Michael Thompson, Director, Systems Management Product Marketing, SolarWinds
If you listen to vendors such as VMware and Microsoft, you would think that virtualizing mission critical applications such as transaction processing and CRM should be an easy decision for companies given the improved hardware utilization and increased flexibility that virtualization provides. In addition, impressive performance and capacity improvements in both VMware, vSphere, and Microsoft Hyper-V have alleviated many of the basic resource concerns about CPU, memory and storage input/output per second (IOPS). In addition, high availability, failover and clustering can also reduce failure rates. But still, businesses are cautious about the change. One reason is that despite all these advancements, systems still go down and when they go down it can be expensive.
“No matter how much technology gets implemented, a critical line of defense holds the ability to monitor and quickly troubleshoot problems when they occur, hopefully before they even impact end users”
The reason systems still go down is that, the most common problems are not hardware or virtual machine failures. According to Gartner, “Through 2015, 80 percent of outages impacting mission-critical services will be caused by people and process issues, and more than 50 percent of those outages will be caused by change/configuration/release integration and hand-off issues.” The actual reality is minor errors by human are quickly turning into expensive and embarrassing business problems. That’s why it is extremely difficult to completely protect these systems, by simply increasing capacity or implementing redundant systems.
As a result, just like any other critical risk that is hard to predict, businesses are looking for an “insurance policy” when the stakes of virtualizing critical applications can become financial survival or the loss of a good reputation. While you can probably buy a literal insurance policy for such catastrophic IT events, I’m sure it’s expensive and would probably be cashed in while you, the CIO, is out looking for a new job. Instead, there are more practical things IT can do to help eliminate or mitigate outages when virtualizing mission critical applications. In particular, a combination of three different approaches can significantly reduce the risk.
Leverage Appropriate HA, Failover Technology, and Procedures
High availability (HA) and Failover technologies can increase cost, not only for the HA or failover software but also for redundant hardware and software licenses for standby systems. However, cloud solutions and many companies’ reduced cost for standby systems can help alleviate this. That said, while technology can provide much of the solution, you can’t forget the people and procedures portion of the equation. A surprising number of companies that purchase or set up failover systems never test them. Alternatively, you can use virtualization technology to provide a poor man’s HA system with regular snapshots, backups and regular maintenance of a set of golden master images.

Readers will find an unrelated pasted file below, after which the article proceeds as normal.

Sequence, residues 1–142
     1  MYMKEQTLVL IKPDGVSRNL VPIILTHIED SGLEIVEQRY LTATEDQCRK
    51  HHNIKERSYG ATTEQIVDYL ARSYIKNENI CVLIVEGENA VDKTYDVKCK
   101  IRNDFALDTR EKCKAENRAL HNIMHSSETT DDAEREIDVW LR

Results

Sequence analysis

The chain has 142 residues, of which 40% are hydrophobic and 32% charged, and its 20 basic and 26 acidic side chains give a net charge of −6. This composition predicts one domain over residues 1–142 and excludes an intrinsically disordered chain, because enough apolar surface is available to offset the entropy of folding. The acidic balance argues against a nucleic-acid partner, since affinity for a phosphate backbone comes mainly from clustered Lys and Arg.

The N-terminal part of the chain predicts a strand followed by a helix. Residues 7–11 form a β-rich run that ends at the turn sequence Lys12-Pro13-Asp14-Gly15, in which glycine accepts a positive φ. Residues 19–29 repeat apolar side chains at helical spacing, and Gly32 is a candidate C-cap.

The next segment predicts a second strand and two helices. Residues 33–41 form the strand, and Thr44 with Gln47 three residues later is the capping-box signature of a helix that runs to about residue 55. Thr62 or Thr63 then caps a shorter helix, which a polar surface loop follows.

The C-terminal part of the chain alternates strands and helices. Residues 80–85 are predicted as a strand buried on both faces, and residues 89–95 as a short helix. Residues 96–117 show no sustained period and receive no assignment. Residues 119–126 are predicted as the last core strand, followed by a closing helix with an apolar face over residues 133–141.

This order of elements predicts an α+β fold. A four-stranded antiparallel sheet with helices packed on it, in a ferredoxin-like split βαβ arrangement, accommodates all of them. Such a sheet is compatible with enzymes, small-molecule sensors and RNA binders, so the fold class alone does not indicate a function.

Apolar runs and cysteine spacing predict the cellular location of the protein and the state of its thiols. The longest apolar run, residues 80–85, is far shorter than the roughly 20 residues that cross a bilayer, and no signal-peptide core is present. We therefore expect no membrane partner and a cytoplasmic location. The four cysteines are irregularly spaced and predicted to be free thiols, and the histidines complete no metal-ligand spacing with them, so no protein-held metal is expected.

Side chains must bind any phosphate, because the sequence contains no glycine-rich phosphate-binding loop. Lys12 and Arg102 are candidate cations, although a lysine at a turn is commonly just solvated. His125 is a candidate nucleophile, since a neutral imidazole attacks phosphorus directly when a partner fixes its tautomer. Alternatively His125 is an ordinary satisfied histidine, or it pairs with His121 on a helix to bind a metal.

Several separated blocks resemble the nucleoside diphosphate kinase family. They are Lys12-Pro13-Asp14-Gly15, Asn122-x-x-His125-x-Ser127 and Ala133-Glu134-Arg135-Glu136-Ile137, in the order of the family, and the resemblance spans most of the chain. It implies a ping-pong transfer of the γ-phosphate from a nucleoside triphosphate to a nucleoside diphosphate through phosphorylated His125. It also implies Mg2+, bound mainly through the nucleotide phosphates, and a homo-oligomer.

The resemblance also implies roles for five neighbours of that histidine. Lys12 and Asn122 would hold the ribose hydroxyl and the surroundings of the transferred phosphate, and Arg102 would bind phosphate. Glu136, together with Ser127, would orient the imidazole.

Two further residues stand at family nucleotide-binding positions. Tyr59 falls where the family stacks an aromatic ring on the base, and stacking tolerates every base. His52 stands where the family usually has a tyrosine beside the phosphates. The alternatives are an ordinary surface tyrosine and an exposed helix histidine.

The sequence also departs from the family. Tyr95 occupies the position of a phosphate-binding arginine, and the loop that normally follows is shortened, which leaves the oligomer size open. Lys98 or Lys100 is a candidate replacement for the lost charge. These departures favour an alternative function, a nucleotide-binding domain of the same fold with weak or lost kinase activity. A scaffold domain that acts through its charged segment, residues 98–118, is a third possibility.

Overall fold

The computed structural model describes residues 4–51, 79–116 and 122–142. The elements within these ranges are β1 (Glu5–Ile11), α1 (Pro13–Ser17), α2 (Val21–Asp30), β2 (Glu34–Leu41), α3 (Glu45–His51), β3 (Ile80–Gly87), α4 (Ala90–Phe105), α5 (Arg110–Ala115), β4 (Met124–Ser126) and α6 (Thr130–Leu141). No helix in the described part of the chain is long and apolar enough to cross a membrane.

Implement Virtualization - Appropriate Change Management
Old-school process management approaches that lock down any changes, except those approved by a 20-person change committee that meets once a month can be impossible in the dynamic virtualization environment built on the ability to create, destroy or modify things in seconds. However, it is possible to take change management concepts and apply them to changes in virtual environments, including implementing roll-back plans, snapshots and approvals for high risk activities.
Leverage a Management System with End-to-End Visibility and Configuration Tracking
No matter how much technology gets implemented, a critical line of defense holds the ability to monitor and quickly troubleshoot problems when they occur, hopefully before they even impact end users. While many tools provide siloed views of one domain (e.g. application, virtualization or storage), when virtualizing mission critical applications it is especially important to be able to see performance data and root cause information across these silos in context of the application being virtualized. Tools that provide this integrated, cross-silo visibility can be critical in ensuring that resource contention of shared resources or changes in any layer will not impact business critical applications. Additionally, the ability to track historical configuration changes and associate them with event data can be critical for finding problems that result from human error, not hardware or software failure.
As more companies look to virtualize mission critical applications, CIOs and the IT teams need to carefully evaluate both the technologies and procedures they use in the process to make sure the systems remain highly available. Given the potential risks for business, companies will need to carefully incorporate HA and failover planning, change management and a system for increasing visibility and configuration management to provide an extra insurance policy for both the business and their careers.